The soaring hype surrounding green hydrogen reached new heights this week, as a seven-company-strong consortium unveiled plans for a fiftyfold scale-up in production capacity by 2026.
ACWA Power, CWP Renewables, Envision, Iberdrola, Ørsted, Snam and Yara launched a coalition called the Green Hydrogen Catapult with the aim of deploying 25 gigawatts of renewables-based hydrogen production capacity by 2026.
The coalition, which is linked to the United Nations Framework Convention on Climate Change’s Race to Zero campaign, is also hoping to halve the cost of green hydrogen production, cutting it to less than $2 per kilogram.
A January 2020 report from industry group the Hydrogen Council suggested this price could be a tipping point for green hydrogen and derivatives such as ammonia to become “the energy source of choice across multiple sectors,” according to a Race to Zero press release.
These sectors could include steel and fertilizer production, power generation and long-range shipping, the coalition said. Green hydrogen could supply up to 25 percent of global energy needs by 2050, it added.
The coalition also cited Goldman Sachs research indicating that the addressable market for green hydrogen could be worth 10 trillion euros ($12 trillion at current exchange rates) by 2050.
“From an industry perspective, we see no technical barriers to achieving this, so it’s time to get on with the virtuous cycle of cost reduction through scale-up,” said Paddy Padmanathan, CEO of ACWA Power, in the release.
Aligning green hydrogen production with climate goals
“Catapult is a global coalition and will be engaging partners from other countries to participate going forward,” Kieran Coleman, energy and industry lead at the COP26 Global Climate Action Champions unit, said in an email. “Membership will grow from both [the] demand and supply sides.”
The Green Hydrogen Catapult said it aims to align the production and use of green hydrogen with a trajectory that displaces fossil fuels at a rate consistent with achieving net-zero global emissions by 2050 and limiting global temperature increases to 1.5 degrees Celsius.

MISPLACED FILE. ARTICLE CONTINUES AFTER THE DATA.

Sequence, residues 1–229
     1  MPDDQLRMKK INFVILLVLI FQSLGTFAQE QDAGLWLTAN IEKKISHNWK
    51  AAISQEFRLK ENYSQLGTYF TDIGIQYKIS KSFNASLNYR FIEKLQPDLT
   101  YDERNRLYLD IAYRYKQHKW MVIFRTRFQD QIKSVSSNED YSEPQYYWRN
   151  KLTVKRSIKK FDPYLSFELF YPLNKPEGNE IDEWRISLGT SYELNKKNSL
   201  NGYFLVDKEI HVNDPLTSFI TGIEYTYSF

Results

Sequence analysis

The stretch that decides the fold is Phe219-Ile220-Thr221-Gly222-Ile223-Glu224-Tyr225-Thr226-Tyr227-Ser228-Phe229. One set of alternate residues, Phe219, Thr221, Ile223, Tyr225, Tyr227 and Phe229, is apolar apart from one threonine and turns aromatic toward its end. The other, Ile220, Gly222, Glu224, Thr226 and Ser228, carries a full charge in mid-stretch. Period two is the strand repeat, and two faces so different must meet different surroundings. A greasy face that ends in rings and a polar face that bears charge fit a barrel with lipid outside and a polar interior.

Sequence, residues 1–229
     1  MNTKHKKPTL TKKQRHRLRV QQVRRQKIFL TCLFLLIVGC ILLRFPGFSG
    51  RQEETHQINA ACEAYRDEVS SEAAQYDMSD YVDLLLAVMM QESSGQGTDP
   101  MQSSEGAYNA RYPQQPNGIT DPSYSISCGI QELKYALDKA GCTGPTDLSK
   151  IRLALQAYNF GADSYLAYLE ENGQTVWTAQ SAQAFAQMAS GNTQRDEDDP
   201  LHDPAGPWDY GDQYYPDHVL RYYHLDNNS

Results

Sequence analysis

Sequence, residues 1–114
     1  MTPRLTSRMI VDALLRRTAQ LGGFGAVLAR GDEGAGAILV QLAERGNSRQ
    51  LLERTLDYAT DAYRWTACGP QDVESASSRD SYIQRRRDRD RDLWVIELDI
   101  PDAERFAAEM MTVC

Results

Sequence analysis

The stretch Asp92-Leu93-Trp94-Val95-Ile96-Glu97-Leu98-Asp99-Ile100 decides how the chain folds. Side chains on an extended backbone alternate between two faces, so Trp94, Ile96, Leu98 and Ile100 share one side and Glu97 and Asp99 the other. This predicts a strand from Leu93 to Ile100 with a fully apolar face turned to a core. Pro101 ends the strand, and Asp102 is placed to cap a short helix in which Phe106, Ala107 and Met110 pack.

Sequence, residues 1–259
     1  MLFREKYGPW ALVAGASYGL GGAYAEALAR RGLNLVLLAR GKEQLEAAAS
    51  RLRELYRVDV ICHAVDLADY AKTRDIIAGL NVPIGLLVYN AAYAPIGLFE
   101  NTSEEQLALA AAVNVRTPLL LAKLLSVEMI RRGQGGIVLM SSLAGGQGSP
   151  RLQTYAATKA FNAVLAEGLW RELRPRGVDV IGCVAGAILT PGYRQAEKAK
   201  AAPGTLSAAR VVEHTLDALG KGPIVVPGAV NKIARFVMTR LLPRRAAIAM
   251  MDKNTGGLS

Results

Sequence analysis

Robert Castek, energy analyst and project manager at Edinburgh, Scotland-based Delta-EE, said in an interview that linking green hydrogen build-out to global climate goals is a noteworthy development.
“It is especially encouraging to see players from utilities through industrial companies to infrastructure developers coming together to drive this forward, with the global 1.5-degree Celsius temperature target front of mind,” he said.
“The Green Hydrogen Catapult initiative represents a strong signal of intent from the private sector to support the deployment of zero-carbon hydrogen.”
But in a sign of just how much interest in green hydrogen has taken off in recent months, Castek also said the Green Hydrogen Catapult coalition might not necessarily be seen as a game-changer for the industry.
ACWA Power, one of the coalition partners, is already working with Air Products & Chemicals of the U.S. on a $5 billion green hydrogen plant in Saudi Arabia that will be powered by 4 gigawatts of wind and solar and will produce 650 tons of the gas per day.
And Iberdrola, another coalition partner, is planning to install 800 megawatts of electrolyzer capacity for green hydrogen production in a $2.1 billion partnership with fertilizer and industrial chemicals firm Fertiberia.
Surging interest as the industry enters the "decade of hydrogen"
Elsewhere, Plug Power last month raised about $1 billion in a bought equity transaction to fund a plan to build what could be the first U.S.-wide network of green hydrogen production facilities to supply fuel-cell-powered vehicles, including its own, with carbon-free fuel.
In August, Wood Mackenzie predicted the 2020s will be the “decade of hydrogen.” The analyst firm estimates that the cost of green hydrogen will fall by as much as 64 percent by 2040, on a level with traditional forms of production from fossil fuel feedstocks.
As green hydrogen production costs are forecast to fall with lower renewable electricity pricing and increased electrolyzer utilization rates, increasing natural gas prices could drive up the price of hydrogen from steam methane reforming, currently the cheapest production option, by 82 percent outside China by 2040, WoodMac estimates.
"The cost of green hydrogen relative to its more carbon-intense alternatives has always been a hindrance,” said Juergen Wollschlaeger, CEO of German crude oil refinery Raffinerie Heide, in an email.
“Collaborative efforts like this, where industry, international organizations and nonprofits are aligned on a common goal, will have a meaningful impact on the development of the green hydrogen economy.”
Economies of scale through increased production capacity, combined with supportive regulation and investment, “will get green hydrogen off the ground,” Wollschlaeger said.